In 2019 I wrote for HRZone about the growing importance of financial wellbeing to the employee experience. A stagnant savings habit and growing consumer debt was looking like it was going to cause a perfect storm that would see financial stress increase for millions of UK employees – and this would inevitably have an impact on their work.
Just three months after publishing that article, the world was plunged into one of the largest public health crises we have ever experienced and very quickly, financial resilience for millions began to erode.
British households began to report increases in financial anxiety, a drop in disposable income and traffic to financial news and education sites boomed
By mid-March 2020, I was again writing in HRZone with my prediction that the scale of the Covid-19 outbreak was going to leave workers significantly concerned about their financial situation. By August 2020, all of these predictions came true as the UK entered a recession and British households began to report increases in financial anxiety, a drop in disposable income and traffic to financial news and education sites boomed.
By early 2021 employees were twice as likely to run out of money by the end of the month compared to before the 2020, and nearly half of UK families reported falling into debt because of the pandemic.
According to data from the ONS, amid the largest threat to our collective physical health we have ever seen, it was financial wellbeing that Brits said was their biggest wellbeing concern. YouGov’s key banking insights published this month reveal that half of Brits say Covid-19 increased their cost of living. Step Change’s January 2022 research revealed that one in three people are now struggling to keep up with their bills and credit commitments – double what that figure was before the pandemic.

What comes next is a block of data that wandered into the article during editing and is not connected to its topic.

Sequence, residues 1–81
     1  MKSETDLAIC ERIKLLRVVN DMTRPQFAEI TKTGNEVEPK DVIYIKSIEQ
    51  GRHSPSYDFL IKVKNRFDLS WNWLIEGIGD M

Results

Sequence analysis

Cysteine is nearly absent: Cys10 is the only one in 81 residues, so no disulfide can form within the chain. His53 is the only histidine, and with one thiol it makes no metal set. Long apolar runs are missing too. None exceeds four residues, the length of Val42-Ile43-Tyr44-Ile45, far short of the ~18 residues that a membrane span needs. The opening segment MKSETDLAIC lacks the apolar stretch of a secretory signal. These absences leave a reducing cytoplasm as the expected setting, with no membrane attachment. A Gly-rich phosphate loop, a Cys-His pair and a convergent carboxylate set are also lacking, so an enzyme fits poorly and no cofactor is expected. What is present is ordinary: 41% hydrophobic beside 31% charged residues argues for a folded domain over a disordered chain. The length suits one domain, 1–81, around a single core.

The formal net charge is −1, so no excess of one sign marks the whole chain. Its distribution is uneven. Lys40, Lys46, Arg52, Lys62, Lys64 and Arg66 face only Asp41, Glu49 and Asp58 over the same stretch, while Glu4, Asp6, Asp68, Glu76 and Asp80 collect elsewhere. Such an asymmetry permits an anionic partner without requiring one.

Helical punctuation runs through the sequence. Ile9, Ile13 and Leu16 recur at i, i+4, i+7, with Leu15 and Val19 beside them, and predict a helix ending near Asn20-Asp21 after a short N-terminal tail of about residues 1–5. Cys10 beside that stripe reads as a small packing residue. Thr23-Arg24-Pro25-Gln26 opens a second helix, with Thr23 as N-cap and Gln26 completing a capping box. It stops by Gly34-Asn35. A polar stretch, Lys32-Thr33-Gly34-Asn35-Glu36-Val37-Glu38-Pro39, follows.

Wider economic recovery may mean little to no employees this year
While there are optimistic signs about the economy getting back on track, the pandemic continues to rage on and with it comes an almost unbelievable set of new challenges that I think will test employees’ financial resilience more than at any time in the last 40 years.
This year many of your employees will experience the biggest income squeeze in a generation and they will need your support more than ever. The Bank of England predicts that inflation could rise as high as levels we haven’t seen for three decades – and way above wage growth.
In 2022 UK households are facing a cost-of-living crisis with each set to see a £1,200 rise in outgoings as energy prices increase, inflation rises and taxes rise. This February, the energy watchdog sets a new minimum price for energy, with experts warning that cap could reach £2,000 or more – double what it was last year. By April, taxes go up too as employees see National Insurance rise alongside council tax bills.